Every Wednesday for the last four years, I've gathered with a group of women to reflect on Scripture and to pray for our world. We pray for our neighborhood, our country, our friends, our families and our world. We share the journey, and this past Wednesday, Jan. 6, was no different.
Even though the Catholics in our group had marked Epiphany the Sunday before, any cultural Christian, adherent to the 12 days of Christmas, or parent of children in our local public schools — which close for Three Kings Day — knew that, in fact, Wednesday the sixth was Epiphany.
After reading Matthew's account of the wise men's journey, our small group listened to the words of Jan Richardson's Epiphany blessing, "For Those Who Have Far to Travel." Sitting in peaceful reflection on the past year and the gift and challenge of the journey, we were united in our diversity. Old and young, black and white, women of all different backgrounds, we shared the movements of God in our lives. This week, that meant sharing how the pandemic bore with it tragedy and grace; what promise the vaccine brought; why peace was as important as that the electoral votes be counted; and the hard-learned fact that the isolation of the last few months had as much to reveal to us about other people as it did about ourselves.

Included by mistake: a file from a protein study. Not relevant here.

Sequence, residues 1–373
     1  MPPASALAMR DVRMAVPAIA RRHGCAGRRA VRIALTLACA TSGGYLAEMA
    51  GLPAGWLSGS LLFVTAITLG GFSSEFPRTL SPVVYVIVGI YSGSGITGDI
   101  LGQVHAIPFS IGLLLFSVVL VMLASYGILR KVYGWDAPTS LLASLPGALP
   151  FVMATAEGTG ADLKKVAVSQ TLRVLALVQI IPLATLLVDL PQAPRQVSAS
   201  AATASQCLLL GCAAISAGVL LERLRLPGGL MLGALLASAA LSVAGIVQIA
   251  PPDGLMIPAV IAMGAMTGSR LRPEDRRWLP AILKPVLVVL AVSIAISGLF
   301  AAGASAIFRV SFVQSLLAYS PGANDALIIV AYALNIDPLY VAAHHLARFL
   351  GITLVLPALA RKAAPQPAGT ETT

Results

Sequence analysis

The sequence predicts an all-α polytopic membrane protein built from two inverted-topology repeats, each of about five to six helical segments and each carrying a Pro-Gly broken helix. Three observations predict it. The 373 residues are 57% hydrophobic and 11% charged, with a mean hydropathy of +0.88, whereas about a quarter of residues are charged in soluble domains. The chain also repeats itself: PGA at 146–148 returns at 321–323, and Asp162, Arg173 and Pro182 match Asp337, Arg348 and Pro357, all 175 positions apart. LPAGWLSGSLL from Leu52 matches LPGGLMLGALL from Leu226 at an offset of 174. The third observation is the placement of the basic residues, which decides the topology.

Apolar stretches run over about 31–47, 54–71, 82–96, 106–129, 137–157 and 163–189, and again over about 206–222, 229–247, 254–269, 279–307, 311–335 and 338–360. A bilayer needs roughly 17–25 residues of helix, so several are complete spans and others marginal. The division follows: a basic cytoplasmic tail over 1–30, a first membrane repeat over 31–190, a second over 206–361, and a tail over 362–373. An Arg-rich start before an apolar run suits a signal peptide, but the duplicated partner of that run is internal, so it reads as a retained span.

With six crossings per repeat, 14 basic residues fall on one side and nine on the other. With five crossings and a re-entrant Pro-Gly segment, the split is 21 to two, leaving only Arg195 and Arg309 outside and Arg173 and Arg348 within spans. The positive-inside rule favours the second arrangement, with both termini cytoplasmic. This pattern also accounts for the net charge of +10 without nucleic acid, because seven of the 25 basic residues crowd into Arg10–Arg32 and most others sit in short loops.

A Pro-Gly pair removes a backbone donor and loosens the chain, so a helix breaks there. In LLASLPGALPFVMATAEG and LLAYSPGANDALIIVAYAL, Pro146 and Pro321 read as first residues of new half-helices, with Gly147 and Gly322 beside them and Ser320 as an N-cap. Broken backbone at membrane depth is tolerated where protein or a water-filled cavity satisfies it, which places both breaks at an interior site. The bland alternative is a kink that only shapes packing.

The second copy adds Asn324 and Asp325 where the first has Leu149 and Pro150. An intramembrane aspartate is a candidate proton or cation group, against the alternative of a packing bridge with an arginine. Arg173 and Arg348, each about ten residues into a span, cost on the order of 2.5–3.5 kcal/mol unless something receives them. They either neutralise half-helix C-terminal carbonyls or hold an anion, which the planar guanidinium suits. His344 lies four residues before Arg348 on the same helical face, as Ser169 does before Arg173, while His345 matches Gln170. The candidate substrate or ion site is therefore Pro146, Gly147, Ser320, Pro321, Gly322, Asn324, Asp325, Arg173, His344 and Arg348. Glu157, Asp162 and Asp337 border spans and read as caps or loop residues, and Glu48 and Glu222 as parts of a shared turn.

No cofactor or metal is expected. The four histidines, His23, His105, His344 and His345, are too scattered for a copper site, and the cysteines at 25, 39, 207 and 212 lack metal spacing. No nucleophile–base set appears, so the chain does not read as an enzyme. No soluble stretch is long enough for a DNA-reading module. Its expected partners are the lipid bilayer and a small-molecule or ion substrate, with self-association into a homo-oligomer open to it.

Listening to one of our elder members share, I felt my phone begin to buzz. With a swift movement of my thumb down its side, I stilled the device so I could be attentive to her sharing. What a blessing to journey together like the wise men, she reflected, to be attentive, be surprised and discover the truth and where it leads us.
Wednesday was like any other Wednesday until it wasn't.
Emerging from the meeting, I took a moment to glance at my phone. To my surprise, news alerts, not about the counting of the Electoral College votes, but about the storming of the U.S. Capitol, lit up the screen.
Suddenly, the Epiphany story was a little more real ... the journey more treacherous ... the need for truth and peace all the more pressing.
A tyrant saw a threat to his power. Filled with fear, he brought fright to the whole country. He stoked fear and incited violence. The king could not stand the truth and so he sought to rout it out. But the truth would not yield; it had come into this world in the form of a child and, vulnerable as it might be, the truth embodied in the child would persevere, in ways both paradoxical and puzzling to our concept of power.
This new king — a prince of peace — would reject violence and injustice. His power greater than that of any politician was (and is) found in steadfast, boundless love that urges reconciliation, humility and righteousness. His love, like a star in the night, draws all who can see and invites everyone to see with new eyes the promise of the truth he offers.
On the floor of the Senate Wednesday night, Sen. Cory Booker of New Jersey pointed to the deadly flaw and sadistic (and seditious) shift in thinking as he declared how people had been duped into choosing Trump over truth. This sycophantic shift was punctuated by the events on Wednesday. They gave us a moment for pause many moments too late.
Yet to quote the statement from Pax Christi USA, "Maybe today's events will serve as a moment of conversion for some; maybe this moment may serve to give pause to the worst impulses of our national character. Only time will tell. The words and actions of our elected leaders moving forward will tell the tale of what impact today's events have."